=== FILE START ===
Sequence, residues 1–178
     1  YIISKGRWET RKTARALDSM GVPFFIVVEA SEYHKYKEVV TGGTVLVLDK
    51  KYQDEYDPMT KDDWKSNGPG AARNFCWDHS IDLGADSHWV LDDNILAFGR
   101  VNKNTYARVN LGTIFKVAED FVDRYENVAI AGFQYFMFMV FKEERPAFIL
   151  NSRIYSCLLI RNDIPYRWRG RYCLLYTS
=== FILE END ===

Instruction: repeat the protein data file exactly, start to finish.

Sequence, residues 1–178
     1  YIISKGRWET RKTARALDSM GVPFFIVVEA SEYHKYKEVV TGGTVLVLDK
    51  KYQDEYDPMT KDDWKSNGPG AARNFCWDHS IDLGADSHWV LDDNILAFGR
   101  VNKNTYARVN LGTIFKVAED FVDRYENVAI AGFQYFMFMV FKEERPAFIL
   151  NSRIYSCLLI RNDIPYRWRG RYCLLYTS